The current headlines assure us that automakers are “racing” to go electric (woohoo!), and it surely sounds like the race is on at Chrysler. The brand, which currently sells no pure EVs, has announced that it will make the transition to all-electric by 2028—one of the most ambitious timelines yet announced by any automaker.
In numerical terms, this is a footnote to the EVolution. The 2028 target apparently applies only to the Chrysler brand (not to sister brands Ram, Jeep or Dodge). Chrysler sold only 115,000 vehicles in the US in 2021, and just three models—the Pacifica and Town & Country minivans and the 300 sedan—accounted for almost all of those (for comparison, Chevrolet sold 1.5 million). However, the announcement is rich in symbolism—one of the industry’s most Luddish laggards hopes to become totally electrified in six years, a very short time in terms of auto-industry product cycles.
Chrysler used to be something of a whipping boy in these pages—the CEO of the former Fiat Chrysler regularly dissed EVs, and famously asked consumers not to buy them. The company currently makes only one plug-in vehicle, the Pacifica Hybrid minivan (despite the name, it’s a PHEV, and seems to have been selling in respectable numbers).
Can a hidebound bastion of Big Auto really pull off such a turnaround in six years? The skeptic points out that Chrysler has nothing to lose either way—it has gained some favorable press coverage at no cost, and if it fails to meet its target date for electrification (as many automakers have failed in the past), few will notice. The eternal optimist counters that even attempting to meet a six-year deadline is going to require some action in the here and now, and that parent company Stellantis has plenty of resources to help Chrysler electrify (even as its CEO continues to make we-can’t-build-EVs pronouncements).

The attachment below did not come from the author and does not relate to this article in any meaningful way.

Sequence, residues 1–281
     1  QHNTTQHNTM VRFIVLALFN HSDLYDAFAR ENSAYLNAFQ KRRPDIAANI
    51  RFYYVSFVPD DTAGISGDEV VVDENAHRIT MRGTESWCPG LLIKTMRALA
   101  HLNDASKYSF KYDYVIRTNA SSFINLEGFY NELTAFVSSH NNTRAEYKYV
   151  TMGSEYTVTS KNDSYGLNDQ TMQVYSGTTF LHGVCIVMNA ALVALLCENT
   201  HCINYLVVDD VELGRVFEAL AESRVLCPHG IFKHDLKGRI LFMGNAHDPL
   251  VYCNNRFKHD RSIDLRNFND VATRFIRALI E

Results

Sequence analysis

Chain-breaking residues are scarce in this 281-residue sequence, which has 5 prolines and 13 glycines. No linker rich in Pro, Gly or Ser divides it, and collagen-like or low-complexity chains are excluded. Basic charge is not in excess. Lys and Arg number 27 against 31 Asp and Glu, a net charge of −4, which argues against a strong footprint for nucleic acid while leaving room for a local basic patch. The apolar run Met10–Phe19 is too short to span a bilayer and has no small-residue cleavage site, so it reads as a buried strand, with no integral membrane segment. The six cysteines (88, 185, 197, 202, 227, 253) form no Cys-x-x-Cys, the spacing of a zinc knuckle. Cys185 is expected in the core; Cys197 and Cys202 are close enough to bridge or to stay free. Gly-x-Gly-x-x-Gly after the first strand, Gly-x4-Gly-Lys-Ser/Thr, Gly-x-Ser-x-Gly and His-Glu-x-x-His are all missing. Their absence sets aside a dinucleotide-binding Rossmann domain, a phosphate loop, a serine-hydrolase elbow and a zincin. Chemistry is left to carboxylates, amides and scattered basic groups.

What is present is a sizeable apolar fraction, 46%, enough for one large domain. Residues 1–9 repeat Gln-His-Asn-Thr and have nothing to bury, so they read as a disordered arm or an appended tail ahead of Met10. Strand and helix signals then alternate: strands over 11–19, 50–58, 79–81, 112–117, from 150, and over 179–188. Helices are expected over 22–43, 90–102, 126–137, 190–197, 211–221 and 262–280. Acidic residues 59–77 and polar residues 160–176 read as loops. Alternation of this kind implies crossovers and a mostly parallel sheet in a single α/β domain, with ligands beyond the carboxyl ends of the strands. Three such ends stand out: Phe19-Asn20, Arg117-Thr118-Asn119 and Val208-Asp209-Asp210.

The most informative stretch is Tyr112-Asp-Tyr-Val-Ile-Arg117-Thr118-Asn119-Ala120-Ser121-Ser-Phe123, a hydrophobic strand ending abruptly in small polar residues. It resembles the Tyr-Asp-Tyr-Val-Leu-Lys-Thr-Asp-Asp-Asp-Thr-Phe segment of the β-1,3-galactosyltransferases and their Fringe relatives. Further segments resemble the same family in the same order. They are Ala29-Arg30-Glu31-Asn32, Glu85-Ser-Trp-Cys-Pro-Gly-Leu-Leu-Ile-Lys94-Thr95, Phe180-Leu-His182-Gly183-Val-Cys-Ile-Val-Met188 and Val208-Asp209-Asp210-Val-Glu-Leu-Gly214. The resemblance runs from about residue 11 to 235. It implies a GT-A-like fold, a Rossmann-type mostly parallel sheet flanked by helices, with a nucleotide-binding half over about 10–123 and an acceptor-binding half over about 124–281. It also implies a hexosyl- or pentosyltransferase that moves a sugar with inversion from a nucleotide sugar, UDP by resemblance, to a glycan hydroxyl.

As Electrek’s Jo Borras points out, Stellantis’s European brands, notably Citroën, are pretty advanced in electrification, and “Chrysler’s product team will do what it has always done best: raid the parts bin.”
Chrysler gave an indication of the direction of its electric strategy at the recent Consumer Electronics Show in Las Vegas, with the Airflow, a concept crossover. “The Chrysler Airflow Concept represents the start of the brand’s journey toward a fully electrified future,” said Stellantis Chief Design Officer Ralph Gilles. The Airflow “delivers 350- to 400-mile range and fast-charging functionality [and] STLA AutoDrive to deliver Level 3 autonomous driving capabilities, which will also be upgradable via OTA updates.”
Stellantis says all 14 of its vehicle brands will offer battery EVs, which will be built on four dedicated electric platforms. Chrysler Brand CEO Christine Feuell told Reuters that most new Chrysler vehicles will be built on the large EV platform. She didn’t say how much investment the Chrysler brand will receive, but said it will offer its first EV by 2025, and will expand its lineup beyond the 300 sedan and Pacifica minivan. “We are completely transforming the portfolio for Chrysler between 2025 and 2028, and beyond.”